Breathe, stretch, smile
Urbana yoga studio offers community relaxation and fellowship.
Wednesday, April 6, 2011 - 16:30
NAMASTE: Amara yoga is more than just a yoga experience, it's an art-filled, warm-welcomed place. (Photo courtesy Theresa Brandabur)
Since it opened its doors in May 2009, over 1,500 yogis have walked through the doors of Amara Yoga and Arts studio in Urbana. It's become a place beyond relaxation and meditation. It's become a peaceful and welcoming environment for both teachers and students.
"Our idea is that we want people to find a community home away from their home. A place that they belong to, and that they feel cared for," said yoga director, Theresa Brandabur.
Amara is unique among other yoga studios in the area. It's an art gallery showcasing 15 different local artists' work. Currently on display are brightly colored kites mounted high and low throughout the studio.
"It's not just a yoga studio, it's a community center. We have art shows supporting local artists. It's very holistic, taking all of these aspects from the community and incorporating them into what Amara is," said yoga instructor Amanda Reagan.
Reagan is one of 11 instructors; all teach a variety of yoga styles.
"Our teachers are so awesome and we are so lucky to have them," said Brandabur. "They are all pretty diverse."
Amara offers classes in different yoga formats. From Vinyasa to Hatha, there are styles for everyone, from beginners to advanced yogis.
"Vinyasa style yoga is a very rigorous style of yoga. It's more routine based; following a set of series where all poses are in a certain order," said Reagan. "At Amara a lot of the slow classes are more based a creative sequence the teacher can make up."
Reagan is certified in Ashtanga yoga. She explained that it's very disciplined and is supposed to help build up strength and flexibility. Vinyasa can be a much more slow, and free flowing format compared to Ashtanga.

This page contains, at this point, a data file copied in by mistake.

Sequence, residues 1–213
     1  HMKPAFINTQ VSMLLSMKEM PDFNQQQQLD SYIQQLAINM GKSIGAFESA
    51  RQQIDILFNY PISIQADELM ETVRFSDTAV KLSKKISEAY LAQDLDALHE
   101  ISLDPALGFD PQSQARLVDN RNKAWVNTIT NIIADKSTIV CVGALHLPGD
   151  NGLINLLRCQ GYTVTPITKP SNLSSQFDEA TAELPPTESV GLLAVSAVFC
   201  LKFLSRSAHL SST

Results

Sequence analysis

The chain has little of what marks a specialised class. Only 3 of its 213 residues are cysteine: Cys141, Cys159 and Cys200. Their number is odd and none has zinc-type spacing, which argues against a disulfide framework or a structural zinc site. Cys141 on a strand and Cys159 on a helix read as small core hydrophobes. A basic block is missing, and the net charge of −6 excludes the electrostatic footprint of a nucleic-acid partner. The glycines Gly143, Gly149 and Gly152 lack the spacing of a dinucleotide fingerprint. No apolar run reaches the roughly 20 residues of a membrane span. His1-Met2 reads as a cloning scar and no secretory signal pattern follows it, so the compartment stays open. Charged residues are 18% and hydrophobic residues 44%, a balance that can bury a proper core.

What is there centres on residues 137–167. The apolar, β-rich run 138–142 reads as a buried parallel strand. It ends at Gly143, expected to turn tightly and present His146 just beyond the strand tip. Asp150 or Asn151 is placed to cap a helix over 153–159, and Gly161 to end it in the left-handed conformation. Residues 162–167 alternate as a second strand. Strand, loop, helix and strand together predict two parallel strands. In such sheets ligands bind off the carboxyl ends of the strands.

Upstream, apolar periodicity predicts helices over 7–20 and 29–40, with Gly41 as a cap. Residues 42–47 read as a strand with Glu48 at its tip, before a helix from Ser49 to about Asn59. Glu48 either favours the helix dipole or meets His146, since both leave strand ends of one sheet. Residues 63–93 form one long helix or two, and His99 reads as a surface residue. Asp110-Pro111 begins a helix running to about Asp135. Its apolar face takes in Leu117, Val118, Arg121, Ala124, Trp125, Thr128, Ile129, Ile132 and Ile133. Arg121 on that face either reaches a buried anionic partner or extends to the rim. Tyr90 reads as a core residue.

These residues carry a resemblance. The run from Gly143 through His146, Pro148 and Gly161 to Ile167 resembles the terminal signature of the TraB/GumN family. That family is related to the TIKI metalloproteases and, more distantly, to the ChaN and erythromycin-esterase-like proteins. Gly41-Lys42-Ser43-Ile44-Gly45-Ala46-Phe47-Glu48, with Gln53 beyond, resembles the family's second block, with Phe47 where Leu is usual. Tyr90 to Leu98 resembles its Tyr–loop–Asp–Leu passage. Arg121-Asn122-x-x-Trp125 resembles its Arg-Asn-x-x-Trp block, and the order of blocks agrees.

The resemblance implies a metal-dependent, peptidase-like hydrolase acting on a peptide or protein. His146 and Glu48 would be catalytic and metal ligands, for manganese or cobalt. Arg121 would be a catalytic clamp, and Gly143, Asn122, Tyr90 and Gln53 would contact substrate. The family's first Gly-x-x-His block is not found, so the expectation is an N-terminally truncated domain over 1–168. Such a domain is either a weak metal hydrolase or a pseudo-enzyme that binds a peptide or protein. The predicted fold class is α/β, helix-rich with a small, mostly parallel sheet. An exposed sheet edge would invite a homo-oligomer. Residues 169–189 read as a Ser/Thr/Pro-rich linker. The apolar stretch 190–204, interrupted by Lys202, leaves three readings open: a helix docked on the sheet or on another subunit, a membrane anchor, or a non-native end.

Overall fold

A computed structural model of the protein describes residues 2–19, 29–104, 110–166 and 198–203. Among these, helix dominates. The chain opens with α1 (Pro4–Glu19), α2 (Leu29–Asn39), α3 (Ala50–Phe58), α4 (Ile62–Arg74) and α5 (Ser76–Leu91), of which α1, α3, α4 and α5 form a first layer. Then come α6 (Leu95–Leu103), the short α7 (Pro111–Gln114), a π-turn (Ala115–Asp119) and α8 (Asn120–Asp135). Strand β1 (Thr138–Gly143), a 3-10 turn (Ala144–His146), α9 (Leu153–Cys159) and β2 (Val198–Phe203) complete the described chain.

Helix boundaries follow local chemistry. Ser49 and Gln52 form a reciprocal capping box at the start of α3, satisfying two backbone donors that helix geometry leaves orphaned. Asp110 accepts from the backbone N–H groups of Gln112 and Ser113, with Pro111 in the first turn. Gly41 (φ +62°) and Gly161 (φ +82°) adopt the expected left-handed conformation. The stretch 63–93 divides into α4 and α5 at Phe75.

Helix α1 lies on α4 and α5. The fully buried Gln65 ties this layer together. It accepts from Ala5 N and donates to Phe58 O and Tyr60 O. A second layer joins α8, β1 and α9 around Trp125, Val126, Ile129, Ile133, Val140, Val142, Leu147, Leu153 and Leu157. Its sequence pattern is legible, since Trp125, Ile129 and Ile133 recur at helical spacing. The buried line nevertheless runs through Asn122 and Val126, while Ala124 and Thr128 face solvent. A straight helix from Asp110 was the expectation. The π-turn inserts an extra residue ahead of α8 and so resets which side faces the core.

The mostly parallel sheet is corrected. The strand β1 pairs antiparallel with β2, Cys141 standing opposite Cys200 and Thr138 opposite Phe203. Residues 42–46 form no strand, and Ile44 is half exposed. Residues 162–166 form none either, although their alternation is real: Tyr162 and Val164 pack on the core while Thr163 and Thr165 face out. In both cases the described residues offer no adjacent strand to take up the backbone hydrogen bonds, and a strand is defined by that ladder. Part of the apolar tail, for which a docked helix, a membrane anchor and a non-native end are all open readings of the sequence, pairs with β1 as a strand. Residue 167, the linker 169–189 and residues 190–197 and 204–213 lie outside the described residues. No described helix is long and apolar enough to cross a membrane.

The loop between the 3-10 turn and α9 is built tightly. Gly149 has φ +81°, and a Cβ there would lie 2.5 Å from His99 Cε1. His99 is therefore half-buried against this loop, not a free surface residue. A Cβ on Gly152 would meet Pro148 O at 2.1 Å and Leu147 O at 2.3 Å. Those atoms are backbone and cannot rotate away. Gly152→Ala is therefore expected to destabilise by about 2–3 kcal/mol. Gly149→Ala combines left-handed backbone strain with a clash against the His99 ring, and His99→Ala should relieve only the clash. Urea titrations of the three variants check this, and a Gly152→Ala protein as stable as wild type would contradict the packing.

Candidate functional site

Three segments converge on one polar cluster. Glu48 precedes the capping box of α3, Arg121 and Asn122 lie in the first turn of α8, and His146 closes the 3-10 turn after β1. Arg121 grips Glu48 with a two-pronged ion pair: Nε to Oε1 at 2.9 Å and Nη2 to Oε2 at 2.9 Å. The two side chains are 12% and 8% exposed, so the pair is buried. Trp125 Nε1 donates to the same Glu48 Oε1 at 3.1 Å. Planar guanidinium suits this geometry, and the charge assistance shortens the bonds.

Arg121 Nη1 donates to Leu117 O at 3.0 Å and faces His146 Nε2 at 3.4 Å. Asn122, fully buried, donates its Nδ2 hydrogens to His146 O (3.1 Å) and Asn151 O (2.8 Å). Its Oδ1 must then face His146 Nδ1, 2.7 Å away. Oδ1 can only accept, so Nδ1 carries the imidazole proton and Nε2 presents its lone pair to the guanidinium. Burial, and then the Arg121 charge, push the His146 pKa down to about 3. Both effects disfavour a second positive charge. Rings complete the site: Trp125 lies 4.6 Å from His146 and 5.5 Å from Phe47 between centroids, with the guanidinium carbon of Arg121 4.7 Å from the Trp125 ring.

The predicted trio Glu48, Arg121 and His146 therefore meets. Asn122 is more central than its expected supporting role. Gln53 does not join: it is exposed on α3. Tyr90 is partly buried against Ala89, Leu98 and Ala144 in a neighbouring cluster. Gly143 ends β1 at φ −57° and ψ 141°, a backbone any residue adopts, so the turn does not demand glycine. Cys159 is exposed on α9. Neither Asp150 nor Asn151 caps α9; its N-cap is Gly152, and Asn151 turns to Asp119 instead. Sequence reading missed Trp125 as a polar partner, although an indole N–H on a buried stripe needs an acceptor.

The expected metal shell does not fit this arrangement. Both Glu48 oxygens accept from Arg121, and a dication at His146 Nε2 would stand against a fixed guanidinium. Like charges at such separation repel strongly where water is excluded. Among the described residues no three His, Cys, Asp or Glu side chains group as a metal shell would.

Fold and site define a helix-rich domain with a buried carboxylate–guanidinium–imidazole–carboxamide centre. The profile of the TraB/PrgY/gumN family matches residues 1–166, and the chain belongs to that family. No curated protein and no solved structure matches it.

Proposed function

Teaching yoga isn't a walk in the park. Instructors must get 200 hours of training before leading their own class. In Champaign-Urbana, it's difficult for people to get trained because there are no local opportunities to do so. Amara studio changed that last winter.
From January through June, instructor hopefuls attend rigorous training for an entire weekend once a month at Amara.
"We have a way to bring yoga teaching training here and to give people the chance to train close by," said Brandabur. "Some of the people taking the program are local residents who wouldn't have the chance otherwise."
In addition to instructor training, the studio welcomes other community events on the weekends. Benefits, workshops, fundraisers, kids camps and art shows all keep students entertained off of the yoga mat.
"We periodically take on karma yoga projects that give back," said Brandabur.
She mentioned that studio raised over $600 for Haiti relief for a regular student who volunteered as a midwife helping Haitian women and children.
"She needed help, so we planned a benefit class and made a lot of money. She was so happy," said Brandabur.
Amara has also offered free community classes that support grieving folks.
"We're hugely passionate about karma yoga, and a lot of our ideas for benefits and fundraisers comes from our teachers," she said.
Reagan agrees, and also mentions that the studio is always willing to try new things.
"It's really open to new ideas and suggestions from the students, the people who are committed to coming," she said.
This spring as the sun shines on fresh cut grass and budding tulips, there will be many yogis at Amara saluting it.
"Yoga is feeling good about your body and yourself. You're taking all those feelings and bringing them out into the world," said Reagan. "At Amara you walk in the doors and feel good. You leave all your anxieties at the door."
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